Opening Act(s): PJ Harvey
Elevation, Beautiful Day, Until The End Of The World, New Year’s Day, Stuck In A Moment You Can’t Get Out Of, Gone, Discothèque, Staring At The Sun, New York, I Will Follow, Sunday Bloody Sunday, The Sweetest Thing, In A Little While, The Ground Beneath Her Feet, Bad, Where The Streets Have No Name, Mysterious Ways, The Fly. Encore: Bullet The Blue Sky, With Or Without You, One, Walk On.
U2, Bono Rise To The Occasion For ‘Elevation Tour 2001’ Here
by Michael D. Clark,
There were no skyscraping golden arches or psychedelic lemons bearing human fruit at this U2 show. The vintage car-headlight illumination and super-sized Achtung Baby screens were all left back on planet Zooropa.
Irish supergroup U2’s first tour in four years wasn’t about fly sunglasses or how many people could be wedged into a football stadium to watch lead singer Bono strut to Pop Muzik. This was a rock ‘n’ roll concert, and it was the sweetest thing.
At the opening night of the “Elevation Tour 2001” on March 24, U2 told its Miami audience that it was reapplying for the job of biggest band in the world. On Monday, the sold-out crowd at Compaq Center offered the group the position.
U2’s latest album, All That You Can’t Leave Behind, is its most energetic, straightforward rock album since The Joshua Tree in 1987. The difference is then they were looking forward. Now, they are looking back and taking fans of all ages with them.
Even the Grammy awards chose the first single from the album, Beautiful Day, as the song and record of the year. For better or worse, U2 is the newest of the “oldies,” trading youth for immortality.
All came to see what was promised to be a stripped-down affair compared with the exhausting Vegas stage shows of the ’90s. U2 didn’t disappoint. After a decade of voice manipulations and synthesizer-assisted melodies, U2 is back to where it was at its peak — moving rock ‘n’ roll forward by exploring its past.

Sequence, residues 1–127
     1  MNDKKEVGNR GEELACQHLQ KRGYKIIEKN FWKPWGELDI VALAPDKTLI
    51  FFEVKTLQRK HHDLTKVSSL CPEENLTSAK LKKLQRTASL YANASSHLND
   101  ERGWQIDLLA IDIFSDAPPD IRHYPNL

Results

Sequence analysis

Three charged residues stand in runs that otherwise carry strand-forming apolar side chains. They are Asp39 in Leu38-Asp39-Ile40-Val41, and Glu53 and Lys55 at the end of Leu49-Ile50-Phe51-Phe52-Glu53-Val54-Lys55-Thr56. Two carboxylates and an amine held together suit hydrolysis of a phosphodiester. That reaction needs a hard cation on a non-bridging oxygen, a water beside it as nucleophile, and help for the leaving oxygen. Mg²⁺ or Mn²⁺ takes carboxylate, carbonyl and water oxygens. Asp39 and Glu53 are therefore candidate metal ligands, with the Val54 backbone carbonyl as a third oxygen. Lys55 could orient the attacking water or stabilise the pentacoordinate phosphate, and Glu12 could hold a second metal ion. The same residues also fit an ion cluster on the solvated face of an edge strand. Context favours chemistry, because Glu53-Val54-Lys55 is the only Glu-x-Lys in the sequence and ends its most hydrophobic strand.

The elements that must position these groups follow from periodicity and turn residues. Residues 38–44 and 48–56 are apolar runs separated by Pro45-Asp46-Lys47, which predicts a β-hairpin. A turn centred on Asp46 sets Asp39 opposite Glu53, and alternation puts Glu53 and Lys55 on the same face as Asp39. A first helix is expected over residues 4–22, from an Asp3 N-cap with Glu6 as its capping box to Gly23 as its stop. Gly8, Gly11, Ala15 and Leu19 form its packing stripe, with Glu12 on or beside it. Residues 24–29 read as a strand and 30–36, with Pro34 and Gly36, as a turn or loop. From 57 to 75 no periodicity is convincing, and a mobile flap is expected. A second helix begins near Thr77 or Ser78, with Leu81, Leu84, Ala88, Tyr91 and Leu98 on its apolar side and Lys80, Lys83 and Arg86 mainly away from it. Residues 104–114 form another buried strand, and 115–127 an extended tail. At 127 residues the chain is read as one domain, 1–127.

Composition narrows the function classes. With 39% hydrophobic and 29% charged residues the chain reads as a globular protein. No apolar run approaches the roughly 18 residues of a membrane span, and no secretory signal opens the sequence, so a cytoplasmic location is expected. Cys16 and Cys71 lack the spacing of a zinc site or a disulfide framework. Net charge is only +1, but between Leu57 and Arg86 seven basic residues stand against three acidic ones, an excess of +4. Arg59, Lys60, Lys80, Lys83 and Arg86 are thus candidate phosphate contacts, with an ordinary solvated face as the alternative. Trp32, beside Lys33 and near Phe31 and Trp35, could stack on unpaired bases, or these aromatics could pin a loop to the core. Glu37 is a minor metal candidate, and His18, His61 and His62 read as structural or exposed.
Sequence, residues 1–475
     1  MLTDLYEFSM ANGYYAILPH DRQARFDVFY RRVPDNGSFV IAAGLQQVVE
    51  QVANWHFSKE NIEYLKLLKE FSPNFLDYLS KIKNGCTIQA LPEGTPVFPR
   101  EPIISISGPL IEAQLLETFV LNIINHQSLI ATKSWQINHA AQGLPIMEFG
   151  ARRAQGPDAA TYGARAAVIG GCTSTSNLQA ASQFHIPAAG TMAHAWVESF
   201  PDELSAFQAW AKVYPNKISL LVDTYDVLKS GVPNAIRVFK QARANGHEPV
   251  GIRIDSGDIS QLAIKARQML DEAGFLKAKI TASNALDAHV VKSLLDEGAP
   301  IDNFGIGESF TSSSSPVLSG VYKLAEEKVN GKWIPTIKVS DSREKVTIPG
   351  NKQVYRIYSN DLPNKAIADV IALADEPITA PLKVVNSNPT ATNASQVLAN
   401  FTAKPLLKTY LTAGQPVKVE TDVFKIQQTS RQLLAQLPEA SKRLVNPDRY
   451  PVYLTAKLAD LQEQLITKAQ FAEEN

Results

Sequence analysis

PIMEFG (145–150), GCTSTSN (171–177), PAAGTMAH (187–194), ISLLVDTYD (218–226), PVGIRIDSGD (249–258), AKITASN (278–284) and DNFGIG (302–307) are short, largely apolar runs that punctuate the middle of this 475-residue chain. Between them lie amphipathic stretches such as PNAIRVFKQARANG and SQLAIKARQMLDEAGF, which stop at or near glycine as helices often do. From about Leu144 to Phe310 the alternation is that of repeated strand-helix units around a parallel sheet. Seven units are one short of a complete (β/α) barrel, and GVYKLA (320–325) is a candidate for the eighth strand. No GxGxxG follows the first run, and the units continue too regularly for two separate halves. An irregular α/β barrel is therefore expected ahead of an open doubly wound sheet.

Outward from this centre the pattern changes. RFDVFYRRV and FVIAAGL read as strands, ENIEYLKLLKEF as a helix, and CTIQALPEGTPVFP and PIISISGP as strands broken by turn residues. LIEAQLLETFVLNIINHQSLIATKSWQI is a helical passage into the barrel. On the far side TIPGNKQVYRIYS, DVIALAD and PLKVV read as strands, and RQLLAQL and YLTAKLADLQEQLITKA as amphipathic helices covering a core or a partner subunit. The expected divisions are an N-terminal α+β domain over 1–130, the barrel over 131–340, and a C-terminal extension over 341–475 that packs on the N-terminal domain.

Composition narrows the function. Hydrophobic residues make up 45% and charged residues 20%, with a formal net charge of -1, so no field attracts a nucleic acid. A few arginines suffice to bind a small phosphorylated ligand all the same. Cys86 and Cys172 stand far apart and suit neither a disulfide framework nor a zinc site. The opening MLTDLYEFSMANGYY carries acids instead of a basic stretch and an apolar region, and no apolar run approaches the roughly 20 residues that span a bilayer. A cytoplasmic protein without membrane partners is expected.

Playing to their smallest crowds since a few indoor dates in the late ’80s, Bono, The Edge, bassist Adam Clayton and drummer Larry Mullen Jr. spent just over two hours mining their catalog.
From the first notes of new song Elevation, this was a different experience than the satellite TVs. On a stage adorned only with a heart-shaped platform maybe 20 yards into the audience, the members simply started playing as if it were a living-room jam.
U2 has the luxury of so many hits that it doesn’t have to save its recent radio success for the encore. Beautiful Day was the second song and the official beginning of the rock. After stomping the main stage in black pants and leather jacket, Bono and Edge began at opposite ends of the heart-shaped arc for Until The End of the World.
Bono was pacing a catwalk slowly during Sunday Blood Sunday, a song about the ravages of war in Ireland. He would shake and cry when singing it in the Blood Red Sky days. This rendition was soft-spoken.
“Thanks for hanging around all those years,” Bono said during a break. “We’ve got a lot of friends in Texas and here in Houston.”
Stuck In A Moment You Can’t Get Out Of, dedicated to Michael Hutchence, the former INXS vocalist who died of accidental strangulation, was one of the most riveting moments. With Bono center stage, he sang with compassion and sympathy. Edge’s rare falsetto accompaniment on the final coda was perfect contrast to Bono’s calm.
However, not every gimmick livened up a pyro-free stage. The inhuman techno-beat of Discotheque merging into Staring at the Sun muted the effect of both songs. It was a brief respite, broken by the blaring alarm of Edge’s guitar on the 1980 first single I Will Follow.
More than 20 songs were played, and the wish list wasn’t nearly fulfilled. Bad was little changed, except instead of yelling the chorus of “wide awake,” Bono whispered it, indicating there shouldn’t be a question. B-side favorite The Sweetest Thing, featuring Bono on keyboards, and soundtrack extra The Ground Beneath Her Feet were interesting curiosities.
In the end, it was the The Joshua Tree hits that still brought the biggest roar.
Saved as encores, Bullet the Blue Sky still worked as an anti-war protest and With or Without You is the greatest love song that doesn’t necessarily end happily. As good as All That You Can’t Leave Behind is, or anything U2 does after it, Where The Streets Have No Name will be this band’s legacy.
All images are © Houston Chronicle; © U2.com; © Kyle Marden